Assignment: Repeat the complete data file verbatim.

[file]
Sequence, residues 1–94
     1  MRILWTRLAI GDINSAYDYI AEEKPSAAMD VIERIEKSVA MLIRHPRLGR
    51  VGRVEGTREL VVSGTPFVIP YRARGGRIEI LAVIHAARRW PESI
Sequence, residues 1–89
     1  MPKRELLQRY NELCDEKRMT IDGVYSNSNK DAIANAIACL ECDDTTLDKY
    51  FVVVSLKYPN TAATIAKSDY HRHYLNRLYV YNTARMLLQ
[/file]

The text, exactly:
Sequence, residues 1–94
     1  MRILWTRLAI GDINSAYDYI AEEKPSAAMD VIERIEKSVA MLIRHPRLGR
    51  VGRVEGTREL VVSGTPFVIP YRARGGRIEI LAVIHAARRW PESI
Sequence, residues 1–89
     1  MPKRELLQRY NELCDEKRMT IDGVYSNSNK DAIANAIACL ECDDTTLDKY
    51  FVVVSLKYPN TAATIAKSDY HRHYLNRLYV YNTARMLLQ